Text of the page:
It was close until then, though, Hamilton lining up on pole for Mercedes AMG Petronas just seven thousandths of a second ahead of Rosberg. Daniel Ricciardo, the year's greatest opportunist, took third ahead of his teammate Sebastian Vettel in the Infiniti Red Bull Racing, followed by Fernando Alonso in fifth for Ferrari. The Williams' looked like they'd be in trouble on Friday, but as usual they dredged up some pace on Saturday, Felipe Massa taking sixth ahead of Kimi Räikkönen in the second Ferrari, the second Williams of Valtteri Bottas in eighth. Kevin Magnussen saved a little bit of face for McLaren in ninth, and Daniil Kvyat did another solid job to line up tenth in his Toro Rosso.
Before it even started, the race wouldn't look the same.
That's because the steering column wiring loom on Rosberg's car decided to quit in the Singapore heat just before the race. The team worked on it before lining up on the grid, changing his steering wheel, then kept at it while Rosberg sat on the grid, but the German couldn't make it off the line for the formation lap. They wheeled his car into pit lane so he could start from there, but it was futile – when the lights went out, he started, but all he could do was watch everyone else drive off into the distance while he loped around at the back of the field until he retired on Lap 14.
At go-time, Hamilton dashed off the line into the lead and never looked back, already 1.6 seconds ahead of the field on lap 2 and laying in more time at will, whenever he wanted. His only dicey moment came when, at the halfway mark, Adrian Sutil in the Sauber cut across on Sergio Perez in the Force India, destroying Perez's front wing and bringing out the Safety Car for seven laps; Hamilton drove over the debris, but on the first lap after racing resumed got 3.2 seconds ahead. That was it for trouble. When he needed to build a gap to make a third stop, he put more than two seconds a lap into Vettel behind and said, "If I need to pick up the pace, I can."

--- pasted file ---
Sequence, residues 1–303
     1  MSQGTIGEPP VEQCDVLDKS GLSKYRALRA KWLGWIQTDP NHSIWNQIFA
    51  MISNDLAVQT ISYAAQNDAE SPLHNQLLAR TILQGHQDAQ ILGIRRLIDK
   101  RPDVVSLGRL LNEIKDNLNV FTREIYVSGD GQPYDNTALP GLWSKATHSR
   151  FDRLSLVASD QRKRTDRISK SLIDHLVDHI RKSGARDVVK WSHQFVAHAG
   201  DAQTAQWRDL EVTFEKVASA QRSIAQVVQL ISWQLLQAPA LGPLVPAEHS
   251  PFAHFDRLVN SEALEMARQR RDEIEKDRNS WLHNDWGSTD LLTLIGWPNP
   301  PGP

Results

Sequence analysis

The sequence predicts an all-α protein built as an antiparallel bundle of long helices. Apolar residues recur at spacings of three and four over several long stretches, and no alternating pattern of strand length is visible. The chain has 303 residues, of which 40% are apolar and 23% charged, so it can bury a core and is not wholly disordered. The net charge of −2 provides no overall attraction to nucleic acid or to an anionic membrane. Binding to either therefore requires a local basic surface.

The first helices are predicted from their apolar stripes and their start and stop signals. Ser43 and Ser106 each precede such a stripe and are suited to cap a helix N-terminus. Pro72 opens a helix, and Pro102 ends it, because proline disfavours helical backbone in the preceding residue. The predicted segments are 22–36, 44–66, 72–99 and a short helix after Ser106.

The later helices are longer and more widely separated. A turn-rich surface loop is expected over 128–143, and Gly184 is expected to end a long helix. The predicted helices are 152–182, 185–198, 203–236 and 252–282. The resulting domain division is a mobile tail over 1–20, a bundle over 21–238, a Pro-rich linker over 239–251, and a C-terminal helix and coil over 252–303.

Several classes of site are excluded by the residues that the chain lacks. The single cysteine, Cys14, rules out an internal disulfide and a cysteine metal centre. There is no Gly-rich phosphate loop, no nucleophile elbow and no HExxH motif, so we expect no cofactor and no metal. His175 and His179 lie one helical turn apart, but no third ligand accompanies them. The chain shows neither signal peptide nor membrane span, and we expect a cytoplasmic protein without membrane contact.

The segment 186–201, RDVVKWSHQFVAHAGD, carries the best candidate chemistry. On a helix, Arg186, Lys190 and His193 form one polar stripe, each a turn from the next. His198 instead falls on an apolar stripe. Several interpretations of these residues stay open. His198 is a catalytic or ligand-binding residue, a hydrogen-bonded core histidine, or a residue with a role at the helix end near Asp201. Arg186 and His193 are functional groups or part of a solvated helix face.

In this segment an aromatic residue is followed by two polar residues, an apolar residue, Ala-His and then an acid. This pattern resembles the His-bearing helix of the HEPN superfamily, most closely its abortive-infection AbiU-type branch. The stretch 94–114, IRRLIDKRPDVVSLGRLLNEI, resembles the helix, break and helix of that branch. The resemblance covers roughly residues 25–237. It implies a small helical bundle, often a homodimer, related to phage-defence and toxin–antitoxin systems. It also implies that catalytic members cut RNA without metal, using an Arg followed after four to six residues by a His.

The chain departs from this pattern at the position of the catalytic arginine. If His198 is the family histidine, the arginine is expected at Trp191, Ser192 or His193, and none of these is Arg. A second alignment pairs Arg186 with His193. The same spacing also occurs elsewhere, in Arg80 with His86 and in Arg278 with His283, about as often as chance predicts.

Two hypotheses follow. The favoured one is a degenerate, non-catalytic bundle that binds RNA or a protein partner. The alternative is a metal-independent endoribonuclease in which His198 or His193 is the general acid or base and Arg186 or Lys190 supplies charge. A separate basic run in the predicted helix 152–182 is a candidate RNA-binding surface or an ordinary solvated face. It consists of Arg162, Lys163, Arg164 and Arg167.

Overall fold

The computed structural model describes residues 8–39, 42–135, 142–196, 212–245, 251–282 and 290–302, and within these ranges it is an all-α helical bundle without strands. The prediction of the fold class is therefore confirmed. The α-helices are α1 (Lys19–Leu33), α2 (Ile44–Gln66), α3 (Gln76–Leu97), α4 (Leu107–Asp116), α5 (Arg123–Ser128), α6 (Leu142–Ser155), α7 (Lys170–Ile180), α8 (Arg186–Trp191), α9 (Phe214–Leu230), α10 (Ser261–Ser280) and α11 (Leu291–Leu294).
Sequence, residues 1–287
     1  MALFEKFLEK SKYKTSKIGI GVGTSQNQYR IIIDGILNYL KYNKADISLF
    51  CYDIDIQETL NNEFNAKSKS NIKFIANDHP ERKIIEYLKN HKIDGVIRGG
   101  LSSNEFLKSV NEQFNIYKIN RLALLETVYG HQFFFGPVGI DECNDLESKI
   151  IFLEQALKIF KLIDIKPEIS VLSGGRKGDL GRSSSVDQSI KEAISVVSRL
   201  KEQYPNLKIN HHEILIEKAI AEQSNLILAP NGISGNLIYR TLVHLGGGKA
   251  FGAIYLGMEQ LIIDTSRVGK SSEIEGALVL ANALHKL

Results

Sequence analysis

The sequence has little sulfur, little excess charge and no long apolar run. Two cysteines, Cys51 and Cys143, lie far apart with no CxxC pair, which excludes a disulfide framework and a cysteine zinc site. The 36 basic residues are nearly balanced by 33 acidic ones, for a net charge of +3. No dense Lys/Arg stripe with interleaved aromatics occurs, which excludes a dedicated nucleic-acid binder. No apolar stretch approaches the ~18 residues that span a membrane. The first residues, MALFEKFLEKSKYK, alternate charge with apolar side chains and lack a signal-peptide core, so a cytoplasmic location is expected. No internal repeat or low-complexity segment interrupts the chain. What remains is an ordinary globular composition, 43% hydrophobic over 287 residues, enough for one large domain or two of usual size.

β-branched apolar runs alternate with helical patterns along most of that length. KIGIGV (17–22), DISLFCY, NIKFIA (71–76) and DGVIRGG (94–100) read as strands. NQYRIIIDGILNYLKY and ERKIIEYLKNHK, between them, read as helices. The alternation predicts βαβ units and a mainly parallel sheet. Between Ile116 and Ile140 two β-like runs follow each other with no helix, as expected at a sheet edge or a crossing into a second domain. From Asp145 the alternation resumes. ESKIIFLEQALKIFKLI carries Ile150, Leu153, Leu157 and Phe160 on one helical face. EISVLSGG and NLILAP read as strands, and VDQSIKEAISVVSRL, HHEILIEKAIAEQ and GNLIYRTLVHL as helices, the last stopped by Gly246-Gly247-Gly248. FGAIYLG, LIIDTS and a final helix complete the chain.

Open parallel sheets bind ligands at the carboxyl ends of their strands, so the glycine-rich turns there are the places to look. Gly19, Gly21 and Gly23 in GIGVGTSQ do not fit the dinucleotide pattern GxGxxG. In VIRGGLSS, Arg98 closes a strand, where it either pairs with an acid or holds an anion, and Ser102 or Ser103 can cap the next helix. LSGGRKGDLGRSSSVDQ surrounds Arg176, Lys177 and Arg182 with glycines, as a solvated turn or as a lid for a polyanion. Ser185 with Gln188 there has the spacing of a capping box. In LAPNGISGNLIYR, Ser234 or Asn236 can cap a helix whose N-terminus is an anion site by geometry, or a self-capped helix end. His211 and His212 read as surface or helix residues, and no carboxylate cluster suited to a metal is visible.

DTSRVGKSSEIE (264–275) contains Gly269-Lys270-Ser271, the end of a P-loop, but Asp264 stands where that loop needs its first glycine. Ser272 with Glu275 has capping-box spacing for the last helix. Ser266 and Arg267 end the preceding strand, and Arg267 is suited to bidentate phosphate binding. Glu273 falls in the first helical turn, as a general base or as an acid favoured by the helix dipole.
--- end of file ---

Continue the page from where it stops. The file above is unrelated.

The Singapore circuit flatters Red Bull's aero efficiency and doesn't goad the team into a top-speed battle, and they made the most of it. Vettel got around his teammate at the start and claimed second place, then drove a quiet race to finish in the same spot - it's the current World Champion's best finish all year. His teammate Ricciardo took the third spot on the podium, having had technical problems throughout the race and under some late pressure from Alonso but able to hold the Ferrari off in the narrow confines of Singapore.
Alonso split the Red Bulls at the start and kept up with Vettel, then took second place after the second round of pit stops and managed to put distance on the Red Bull through the middle of the race. He fell back to fourth after his third stop, though, at the beginning of the first Safety Car period, when Ricciardo got ahead. The Spaniard stayed close to the Aussie but couldn't get around him, with Vettel, Alonso and Ricciardo "slithering around pretty desperately" on ancient tires.
Massa had run as high as fourth in the opening stages, after the first round of pit stops, then fell back to fifth. Williams' strategy of doing two stops instead of three put the kibosh on a better placing, Massa saying he was "driving like a grandma" to keep his tires in shape to the end. His teammate didn't fare so well, losing his eighth-place position on the very last lap because he was driving on threads, finishing eleventh.
If Jean-Eric Vergne had driven throughout his entire F1 career like he did this race, he might not be trying to continue his F1 career. The Frenchman, out of a contract at Toro Rosso at the end of the season, qualified 12th, was on his teammate's gearbox and requesting team orders to get Kvyat to move over. That didn't happen, but he got up to ninth place after the first round of pit stops, stayed in the top ten and began storming through the positions in front with just nine laps to go. Don't be surprised to see his diving pass inside of Räikkönen in season recaps for a while, Vergne keeping sixth place even after two five-second penalties for driving infractions.
Sergio Perez recovered from that broken wing to take seventh, followed by Räikkönen in eighth – who said his car and his pace was better than it looked, and the second Force India of Nico Hülkenberg in ninth. Magnussen again saved a tinier bit of face for McLaren in spite of a burning water supply and a, literally, burning hot seat, to finish tenth.
Hamilton's win and Rosberg's retirement puts the Brit back in charge of the Driver's Championship by three points, 241 to Rosberg's 238 with five races to go. Ricciardo still sits in a comfortable third with 181 points.
In the Constructor's Championship Red Bull took some points back from Mercedes, but it's still 479 points for the leaders compared to 305 for second place. Williams also gave up some of its lead to Ferrari, the English outfit with 187 points, the Italians with 178. Force India, on the other hand, ran ahead of McLaren, going from a one-point gap to six points, 117 to 111.
The next race is in Japan on October 5, and we can only ask, what will the Championship think of next?